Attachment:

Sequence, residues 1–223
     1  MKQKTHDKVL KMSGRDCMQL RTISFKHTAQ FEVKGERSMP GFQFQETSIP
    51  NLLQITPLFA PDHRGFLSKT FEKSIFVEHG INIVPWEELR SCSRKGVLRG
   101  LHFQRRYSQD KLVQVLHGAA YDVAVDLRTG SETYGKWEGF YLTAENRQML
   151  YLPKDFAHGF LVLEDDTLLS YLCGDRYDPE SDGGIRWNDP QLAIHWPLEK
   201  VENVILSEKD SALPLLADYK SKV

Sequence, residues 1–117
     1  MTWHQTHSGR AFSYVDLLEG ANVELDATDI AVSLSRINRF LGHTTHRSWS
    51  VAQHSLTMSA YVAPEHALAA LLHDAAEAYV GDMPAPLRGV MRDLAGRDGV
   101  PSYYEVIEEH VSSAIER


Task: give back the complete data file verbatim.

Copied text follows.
Sequence, residues 1–223
     1  MKQKTHDKVL KMSGRDCMQL RTISFKHTAQ FEVKGERSMP GFQFQETSIP
    51  NLLQITPLFA PDHRGFLSKT FEKSIFVEHG INIVPWEELR SCSRKGVLRG
   101  LHFQRRYSQD KLVQVLHGAA YDVAVDLRTG SETYGKWEGF YLTAENRQML
   151  YLPKDFAHGF LVLEDDTLLS YLCGDRYDPE SDGGIRWNDP QLAIHWPLEK
   201  VENVILSEKD SALPLLADYK SKV

Sequence, residues 1–117
     1  MTWHQTHSGR AFSYVDLLEG ANVELDATDI AVSLSRINRF LGHTTHRSWS
    51  VAQHSLTMSA YVAPEHALAA LLHDAAEAYV GDMPAPLRGV MRDLAGRDGV
   101  PSYYEVIEEH VSSAIER